Raphael was arrested at his home on the 23 March 2000. Police and FBI agents arrived in the early hours of the morning. It was alleged that he had intruded into nine e-commerce websites in Britain, America, Canada, Thailand and Japan and taken details of some 26,000 credit card numbers and disclosed some of the credit card information on the Internet.
Raphael, who was only 18 at the time explained to the police and FBI when he was interviewed that he had been concerned for sometime at the inherent security weakness in one particular make of software called Microsoft Internet Information Server. This inherent weakness enabled remote users to access information stored on computers using this software. Raphael explained he had contacted a number of e-commerce sites using this software and pointed out the security weakness but they had ignored him, and he had also contacted Bill Gates, the Microsoft Chief who again ignored him. He went on to explain that he was known on the website as “Curador”, “Custodian” or “The Saint” and he finally decided that the best way of bringing this to public attention was to publish some of the credit card numbers on a website which he set up. The prosecution accepted throughout that Raphael’s motivation was to expose and publish the fact that the e-commerce retailers were not security conscious, and secondly to broadcast the message that due to their indifference to security, individuals ought not to entrust e-commerce retailers with their credit card details. In this case Raphael initially faced a ten count indictment, each count alleging he caused a computer to perform a function with intent to secure unauthorised access and with attempt to facilitate the commission of an offence to which section 2 of the Computer Misuse Act 1990 applied. The case involved complex and novel points of law, and from the start there was intense media interest both in this country and abroad. At the plea and directions hearing on 20/10/00 Raphael entered not guilty pleas to all counts and the prosecution indicated they wish to serve an amended indictment. This was served a month later when the prosecution put their case in an entirely different way. The new indictment had six initial counts alleging an offence under the Computer Misuse Act 1990 section 2(1), alleging the defendant had committed an offence under section 3(1) of the Computer Misuse Act by doing an act which caused an unauthorised modification of the contents of a computer. The remaining four counts alleged obtaining services by deception on two separate occasions, by using a credit card number he had downloaded to set up two separate websites upon which to display the credit card information. and the related offences under the Computer Misuse Act section 2(1). This raised the totally new issue of modification. The defence instructed a computer security expert, Mr Peter Sommer to advise on the complex issues of authorisation and modification, and he advised that what Raphael had done did not amount to modification of the contents of a computer as alleged by the prosecution in the first six counts.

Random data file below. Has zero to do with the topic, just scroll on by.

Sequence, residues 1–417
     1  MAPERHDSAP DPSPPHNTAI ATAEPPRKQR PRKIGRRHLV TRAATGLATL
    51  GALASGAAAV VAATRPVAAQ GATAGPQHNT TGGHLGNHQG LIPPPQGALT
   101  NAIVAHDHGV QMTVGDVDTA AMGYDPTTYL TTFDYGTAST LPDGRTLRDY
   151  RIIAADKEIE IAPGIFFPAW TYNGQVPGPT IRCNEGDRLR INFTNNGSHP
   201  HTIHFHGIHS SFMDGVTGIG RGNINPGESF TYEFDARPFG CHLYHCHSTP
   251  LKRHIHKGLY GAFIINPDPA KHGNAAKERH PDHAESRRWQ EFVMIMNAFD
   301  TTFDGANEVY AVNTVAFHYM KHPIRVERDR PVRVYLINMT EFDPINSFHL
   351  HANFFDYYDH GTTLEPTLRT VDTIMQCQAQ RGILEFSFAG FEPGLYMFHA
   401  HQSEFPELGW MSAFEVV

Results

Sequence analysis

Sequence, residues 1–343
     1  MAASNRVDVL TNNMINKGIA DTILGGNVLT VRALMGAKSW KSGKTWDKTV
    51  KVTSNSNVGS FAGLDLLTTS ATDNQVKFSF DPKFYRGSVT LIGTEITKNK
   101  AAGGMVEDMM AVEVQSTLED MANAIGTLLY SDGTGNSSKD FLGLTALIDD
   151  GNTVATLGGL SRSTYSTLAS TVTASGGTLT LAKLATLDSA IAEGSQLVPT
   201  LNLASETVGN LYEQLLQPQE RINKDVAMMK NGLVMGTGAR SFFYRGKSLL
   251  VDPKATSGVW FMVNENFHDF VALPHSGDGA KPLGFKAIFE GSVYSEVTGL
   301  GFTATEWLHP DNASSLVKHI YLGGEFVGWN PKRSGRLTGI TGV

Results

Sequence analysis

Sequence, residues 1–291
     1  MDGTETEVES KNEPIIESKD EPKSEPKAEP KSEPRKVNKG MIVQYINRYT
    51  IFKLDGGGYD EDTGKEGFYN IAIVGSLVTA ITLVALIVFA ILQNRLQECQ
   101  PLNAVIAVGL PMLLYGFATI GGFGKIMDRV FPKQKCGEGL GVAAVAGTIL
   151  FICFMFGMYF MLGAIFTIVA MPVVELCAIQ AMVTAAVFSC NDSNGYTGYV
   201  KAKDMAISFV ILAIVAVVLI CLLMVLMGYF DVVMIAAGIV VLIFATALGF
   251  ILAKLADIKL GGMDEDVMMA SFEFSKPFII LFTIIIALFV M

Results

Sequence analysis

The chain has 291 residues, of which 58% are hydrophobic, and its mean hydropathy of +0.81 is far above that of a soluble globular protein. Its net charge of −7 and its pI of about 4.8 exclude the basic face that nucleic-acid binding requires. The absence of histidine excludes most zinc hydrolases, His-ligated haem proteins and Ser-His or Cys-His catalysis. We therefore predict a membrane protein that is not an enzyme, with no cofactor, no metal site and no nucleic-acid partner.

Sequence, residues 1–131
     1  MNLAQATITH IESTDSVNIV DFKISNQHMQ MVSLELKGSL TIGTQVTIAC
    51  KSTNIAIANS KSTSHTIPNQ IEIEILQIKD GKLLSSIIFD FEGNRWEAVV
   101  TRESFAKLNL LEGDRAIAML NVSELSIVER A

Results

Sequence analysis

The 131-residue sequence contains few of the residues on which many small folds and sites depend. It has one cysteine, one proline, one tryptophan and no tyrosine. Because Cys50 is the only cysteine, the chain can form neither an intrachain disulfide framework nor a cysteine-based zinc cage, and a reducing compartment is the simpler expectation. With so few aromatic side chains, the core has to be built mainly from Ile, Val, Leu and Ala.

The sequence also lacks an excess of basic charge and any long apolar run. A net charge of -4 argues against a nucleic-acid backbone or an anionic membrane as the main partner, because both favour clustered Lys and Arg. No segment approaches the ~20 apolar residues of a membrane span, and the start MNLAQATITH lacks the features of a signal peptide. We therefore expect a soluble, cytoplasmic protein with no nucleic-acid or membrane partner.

On 28 March 2001 the prosecution indicated they would reduce the first six counts to section 1 charges of simple unauthorised access if the defendant pleaded guilty to the remaining four counts. After lengthy discussion Raphael agreed to this compromise and was finally given a two year community rehabilitation order.
As there was no trial the complex and novel issues of unauthorised access and modification of a computer were never decided, but undoubtedly these issues will come before the court again in the near future.
See the following BBC news articles regarding this case: